<p>Joe Doucet experiments with time-pieces in a his exhibition <i>On Time</i>.</p>
These days most of us probably tell the time by looking at a smartphone, which has come to replace the humble wristwatch. But time is a peculiar affair and the apparatuses we use to interpret it only reinforce our skewed concept of it.
Joe Doucet, a designer in New York, has recently produced a series of objects that look at time in more conceptual ways for an exhibition called On Time at Wanted Design 2012. The way time can change when you’re waiting for a bus or playing a video game is one of its great tricks, and this illusory perception we have of it is what Doucet highlights in his project while experimenting with our ideas of what we think time is.
Oroborus means “the snake that eats its own tail,” a symbol of infinity and rebirth. This timepiece is a looped hourglass which tears down the mask of maya that tells us time is finite and linear, and shows it as everlasting.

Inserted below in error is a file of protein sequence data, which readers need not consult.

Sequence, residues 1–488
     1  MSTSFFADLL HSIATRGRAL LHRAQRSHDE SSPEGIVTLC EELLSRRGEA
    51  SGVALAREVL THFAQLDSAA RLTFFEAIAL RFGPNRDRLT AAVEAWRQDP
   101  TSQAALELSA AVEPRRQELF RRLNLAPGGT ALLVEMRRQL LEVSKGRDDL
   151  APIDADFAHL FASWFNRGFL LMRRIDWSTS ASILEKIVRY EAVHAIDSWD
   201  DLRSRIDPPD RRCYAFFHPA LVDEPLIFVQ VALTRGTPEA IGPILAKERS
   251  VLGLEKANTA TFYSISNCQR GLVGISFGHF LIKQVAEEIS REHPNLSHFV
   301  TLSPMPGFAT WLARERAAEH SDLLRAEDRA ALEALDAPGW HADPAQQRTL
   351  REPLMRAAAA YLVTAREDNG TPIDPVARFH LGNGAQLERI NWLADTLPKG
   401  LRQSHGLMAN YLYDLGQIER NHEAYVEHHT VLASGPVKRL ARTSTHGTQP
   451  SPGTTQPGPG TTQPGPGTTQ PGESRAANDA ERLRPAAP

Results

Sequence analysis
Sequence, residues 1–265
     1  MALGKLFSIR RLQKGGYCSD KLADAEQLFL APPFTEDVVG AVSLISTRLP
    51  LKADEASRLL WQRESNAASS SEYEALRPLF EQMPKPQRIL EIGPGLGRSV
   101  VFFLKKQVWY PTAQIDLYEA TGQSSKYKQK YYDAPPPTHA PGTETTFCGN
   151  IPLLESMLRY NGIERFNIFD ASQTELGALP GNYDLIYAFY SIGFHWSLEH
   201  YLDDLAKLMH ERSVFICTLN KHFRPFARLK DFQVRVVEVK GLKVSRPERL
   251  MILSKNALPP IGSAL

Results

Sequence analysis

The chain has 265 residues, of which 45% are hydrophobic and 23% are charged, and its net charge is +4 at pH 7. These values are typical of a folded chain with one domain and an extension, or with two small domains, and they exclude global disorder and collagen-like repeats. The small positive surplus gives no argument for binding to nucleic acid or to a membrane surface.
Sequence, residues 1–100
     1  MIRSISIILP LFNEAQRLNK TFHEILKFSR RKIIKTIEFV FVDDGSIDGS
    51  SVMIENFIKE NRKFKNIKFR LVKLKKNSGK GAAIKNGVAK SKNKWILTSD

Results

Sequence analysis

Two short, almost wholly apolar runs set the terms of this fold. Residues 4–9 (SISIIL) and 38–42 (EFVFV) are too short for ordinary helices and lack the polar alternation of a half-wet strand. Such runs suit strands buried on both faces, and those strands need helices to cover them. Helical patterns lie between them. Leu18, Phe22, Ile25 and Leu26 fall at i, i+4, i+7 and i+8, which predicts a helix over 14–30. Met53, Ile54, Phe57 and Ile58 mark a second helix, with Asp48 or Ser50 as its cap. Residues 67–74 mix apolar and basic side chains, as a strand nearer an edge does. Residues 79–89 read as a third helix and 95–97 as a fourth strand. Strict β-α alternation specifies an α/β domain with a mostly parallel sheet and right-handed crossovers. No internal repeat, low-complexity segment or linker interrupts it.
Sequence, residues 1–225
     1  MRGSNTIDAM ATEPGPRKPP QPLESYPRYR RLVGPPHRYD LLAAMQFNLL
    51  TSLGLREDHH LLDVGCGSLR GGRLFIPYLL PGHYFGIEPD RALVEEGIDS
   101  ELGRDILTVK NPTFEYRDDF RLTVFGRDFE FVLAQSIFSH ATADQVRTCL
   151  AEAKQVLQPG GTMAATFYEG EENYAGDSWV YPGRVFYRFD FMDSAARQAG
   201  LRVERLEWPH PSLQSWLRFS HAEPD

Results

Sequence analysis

One of the physical effects of time is entropy—you leave something alone for long enough and it’ll tend towards chaos. Just take a look at your work desk. How did it end up in such a mess? You don’t even know. The time piece above is made from unpolished solid walnut cone with a mirror on the bottom. As time goes by, the piece will age gradually each day, showing its wear and tear like a badge of honor. The mirror allows you to see how you’re changing, too.
Tick-tock, tick-tock—the sound of time, but not the only one. Synk uses sub-bass frequencies in a liquid medium and enhances the ticking sound of a clock, in turn creating sound waves to give you a visualization of time.
Moving at one revolution per minute this piece is in constant tension to reveal a multi-level version of time. It’s made from brass and wil last and still be functioning in 500 years. It won’t tell you the time, but you’ll definitely experience those seconds, minutes, and hours disappearing into the past while you watch it.
[Read more about Doucet and his unusual clocks over at PSFK]